Testimonials: “For someone seriously interested in checking their sperm count and health, this is an incredibly handy product,” says assistant editor Ian Lecklitner. “But dealing with a cup of your own semen in such close quarters to your iPhone is a… strange experience. If you’re squeamish, I don’t recommend it.”
“I enjoyed the nuts and bolts of the sperm tests — putting the powder in, hooking the device up to my phone, etc.,” says senior editor Nick Leftley, a man who once stuck a needle in his taint for a story. “It felt like some kind of junior science kit experiment.”
That sentiment was echoed by my fellow staff writer John McDermott, who initially refused to participate but changed his mind once it became a competition: “I never knew your iPhone could function as a microscope, and seeing my sperm swimming was kind of exhilarating.”
The most jarring part of the experience for assistant editor Andrew Fiouzi was having to produce a sperm sample sans lube. “It felt archaic, brazen and ultimately somewhat nostalgic,” he notes.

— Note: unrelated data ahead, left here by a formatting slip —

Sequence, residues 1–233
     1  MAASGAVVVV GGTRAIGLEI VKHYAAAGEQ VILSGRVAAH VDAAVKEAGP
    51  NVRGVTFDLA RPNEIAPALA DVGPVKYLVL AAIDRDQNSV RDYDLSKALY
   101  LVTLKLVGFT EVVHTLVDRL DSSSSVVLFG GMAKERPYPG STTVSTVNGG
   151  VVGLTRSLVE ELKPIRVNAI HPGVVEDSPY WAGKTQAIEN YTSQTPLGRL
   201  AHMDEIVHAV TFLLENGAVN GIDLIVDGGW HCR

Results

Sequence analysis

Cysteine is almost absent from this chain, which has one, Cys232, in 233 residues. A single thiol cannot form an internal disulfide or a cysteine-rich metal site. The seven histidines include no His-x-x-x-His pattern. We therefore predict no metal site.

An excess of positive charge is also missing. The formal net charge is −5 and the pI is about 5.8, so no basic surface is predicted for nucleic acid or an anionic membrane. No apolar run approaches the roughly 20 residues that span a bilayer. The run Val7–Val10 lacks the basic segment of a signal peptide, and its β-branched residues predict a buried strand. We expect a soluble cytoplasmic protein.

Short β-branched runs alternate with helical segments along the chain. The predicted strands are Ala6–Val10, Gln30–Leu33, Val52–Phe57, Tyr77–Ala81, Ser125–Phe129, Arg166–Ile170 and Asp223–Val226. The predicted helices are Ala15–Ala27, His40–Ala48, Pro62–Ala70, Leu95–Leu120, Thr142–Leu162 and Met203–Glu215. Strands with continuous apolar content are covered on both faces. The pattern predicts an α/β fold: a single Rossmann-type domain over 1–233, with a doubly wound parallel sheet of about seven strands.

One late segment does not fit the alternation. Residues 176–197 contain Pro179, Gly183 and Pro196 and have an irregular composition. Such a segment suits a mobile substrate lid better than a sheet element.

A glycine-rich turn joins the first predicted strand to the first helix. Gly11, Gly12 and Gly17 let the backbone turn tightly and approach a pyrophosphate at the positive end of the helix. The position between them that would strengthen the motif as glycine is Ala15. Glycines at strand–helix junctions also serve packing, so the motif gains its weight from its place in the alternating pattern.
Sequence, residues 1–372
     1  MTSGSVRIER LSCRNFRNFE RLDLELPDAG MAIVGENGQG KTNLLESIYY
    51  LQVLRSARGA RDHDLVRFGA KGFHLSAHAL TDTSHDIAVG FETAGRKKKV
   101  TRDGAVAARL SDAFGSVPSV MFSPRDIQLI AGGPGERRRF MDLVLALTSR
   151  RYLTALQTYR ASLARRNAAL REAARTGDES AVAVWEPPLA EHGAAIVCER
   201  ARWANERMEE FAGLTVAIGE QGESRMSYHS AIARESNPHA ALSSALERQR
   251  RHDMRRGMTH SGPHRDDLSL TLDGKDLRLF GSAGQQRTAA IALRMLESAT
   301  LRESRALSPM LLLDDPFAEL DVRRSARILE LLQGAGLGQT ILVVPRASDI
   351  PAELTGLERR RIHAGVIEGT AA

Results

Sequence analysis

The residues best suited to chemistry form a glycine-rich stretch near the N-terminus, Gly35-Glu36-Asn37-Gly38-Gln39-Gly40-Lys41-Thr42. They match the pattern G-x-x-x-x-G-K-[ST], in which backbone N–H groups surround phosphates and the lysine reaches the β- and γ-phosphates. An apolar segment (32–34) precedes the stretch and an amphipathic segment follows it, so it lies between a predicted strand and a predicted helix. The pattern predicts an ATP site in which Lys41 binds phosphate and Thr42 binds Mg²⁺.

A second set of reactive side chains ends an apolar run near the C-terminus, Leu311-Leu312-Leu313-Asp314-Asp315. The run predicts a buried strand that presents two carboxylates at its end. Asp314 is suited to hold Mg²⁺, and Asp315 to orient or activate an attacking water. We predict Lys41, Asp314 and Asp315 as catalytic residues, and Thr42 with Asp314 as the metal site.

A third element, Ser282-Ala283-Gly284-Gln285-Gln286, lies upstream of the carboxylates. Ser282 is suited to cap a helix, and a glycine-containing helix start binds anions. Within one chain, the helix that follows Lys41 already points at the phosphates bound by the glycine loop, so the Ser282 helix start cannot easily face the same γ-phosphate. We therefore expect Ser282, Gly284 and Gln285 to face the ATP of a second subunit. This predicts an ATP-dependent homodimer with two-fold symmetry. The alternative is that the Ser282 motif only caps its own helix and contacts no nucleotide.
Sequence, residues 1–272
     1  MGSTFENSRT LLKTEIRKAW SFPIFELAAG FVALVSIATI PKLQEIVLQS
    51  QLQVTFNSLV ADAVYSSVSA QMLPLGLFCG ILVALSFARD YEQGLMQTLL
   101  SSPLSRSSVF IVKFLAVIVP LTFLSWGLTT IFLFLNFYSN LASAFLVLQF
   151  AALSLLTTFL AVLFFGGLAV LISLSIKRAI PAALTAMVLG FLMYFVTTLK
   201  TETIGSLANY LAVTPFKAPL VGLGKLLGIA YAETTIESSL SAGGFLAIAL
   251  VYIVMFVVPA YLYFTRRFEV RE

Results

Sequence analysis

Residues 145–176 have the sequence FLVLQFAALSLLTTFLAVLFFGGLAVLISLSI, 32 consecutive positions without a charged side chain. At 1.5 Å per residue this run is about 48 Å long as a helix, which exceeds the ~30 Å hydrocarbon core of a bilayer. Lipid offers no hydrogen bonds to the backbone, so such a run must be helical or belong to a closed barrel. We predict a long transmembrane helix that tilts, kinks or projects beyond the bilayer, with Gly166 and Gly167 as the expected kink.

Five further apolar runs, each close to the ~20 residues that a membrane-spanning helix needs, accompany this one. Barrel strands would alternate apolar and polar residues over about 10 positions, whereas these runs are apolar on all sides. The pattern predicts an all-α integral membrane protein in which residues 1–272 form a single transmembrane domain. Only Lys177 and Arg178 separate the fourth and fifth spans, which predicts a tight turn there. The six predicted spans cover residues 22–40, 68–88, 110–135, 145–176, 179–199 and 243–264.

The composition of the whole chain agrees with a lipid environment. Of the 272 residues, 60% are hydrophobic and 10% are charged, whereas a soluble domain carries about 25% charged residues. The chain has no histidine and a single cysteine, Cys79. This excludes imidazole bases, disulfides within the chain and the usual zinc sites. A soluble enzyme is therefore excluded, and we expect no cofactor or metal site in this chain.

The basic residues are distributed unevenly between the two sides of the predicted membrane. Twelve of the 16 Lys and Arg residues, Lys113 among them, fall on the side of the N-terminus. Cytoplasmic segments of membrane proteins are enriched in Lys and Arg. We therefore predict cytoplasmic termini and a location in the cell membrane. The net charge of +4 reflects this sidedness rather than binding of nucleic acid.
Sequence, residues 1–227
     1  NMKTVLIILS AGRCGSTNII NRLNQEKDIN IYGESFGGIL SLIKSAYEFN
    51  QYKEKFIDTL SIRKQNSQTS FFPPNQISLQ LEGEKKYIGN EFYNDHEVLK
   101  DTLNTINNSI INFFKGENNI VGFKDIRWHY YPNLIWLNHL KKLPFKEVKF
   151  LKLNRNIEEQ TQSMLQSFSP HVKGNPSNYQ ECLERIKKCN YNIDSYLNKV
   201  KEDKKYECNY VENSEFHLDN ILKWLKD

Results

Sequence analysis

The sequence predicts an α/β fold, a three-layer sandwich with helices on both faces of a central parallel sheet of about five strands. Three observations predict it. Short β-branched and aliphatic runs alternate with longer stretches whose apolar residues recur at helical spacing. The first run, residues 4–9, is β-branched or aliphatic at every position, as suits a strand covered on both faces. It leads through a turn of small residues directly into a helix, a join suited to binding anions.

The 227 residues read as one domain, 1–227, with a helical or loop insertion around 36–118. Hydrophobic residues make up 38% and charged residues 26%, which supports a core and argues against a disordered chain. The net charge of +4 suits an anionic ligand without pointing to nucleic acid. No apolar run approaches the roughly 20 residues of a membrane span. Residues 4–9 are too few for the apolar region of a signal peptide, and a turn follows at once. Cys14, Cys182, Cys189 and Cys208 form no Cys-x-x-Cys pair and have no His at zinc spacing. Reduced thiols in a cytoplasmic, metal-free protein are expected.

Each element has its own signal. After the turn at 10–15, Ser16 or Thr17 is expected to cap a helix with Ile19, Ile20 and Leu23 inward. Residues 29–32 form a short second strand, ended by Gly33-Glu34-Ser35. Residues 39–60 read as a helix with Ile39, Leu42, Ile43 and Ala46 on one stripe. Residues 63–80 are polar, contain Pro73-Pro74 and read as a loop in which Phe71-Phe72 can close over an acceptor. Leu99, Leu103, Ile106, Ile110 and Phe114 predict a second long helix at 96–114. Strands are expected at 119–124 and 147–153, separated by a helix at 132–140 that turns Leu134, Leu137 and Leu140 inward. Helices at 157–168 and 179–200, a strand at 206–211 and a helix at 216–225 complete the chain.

Trak Fertility Test for Men
What It Tests: Concentration (sperm count)
How It Works: Put a small sample of your semen into a disposable cartridge and attach the cartridge to the base of a small, hockey-puck-shaped, double-A-powered centrifuge that spins the cartridge like a little propeller. The semen separates into its component parts, and the isolated sperm fills a visible chamber — like mercury in a thermometer. It categorizes you sperm concentration into one of three categories:
- Optimal = Above 55 million sperm per milliliter of semen
- Moderate = Between 55 million and 15 million sperm per milliliter of semen
- Low = Below 15 million sperm per milliliter of semen
The Rules: Same as above — no lubricants, no partners and at least 48 hours of abstinence.
Some Context: The World Health Organization found that 15 million sperm per milliliter of semen is in the 5th percentile among men who successfully fathered children within the past 12 months. This means that men who have a sperm concentration below that number will likely have fertility problems, which is why it’s referred to as the clinical cutoff for subfertility.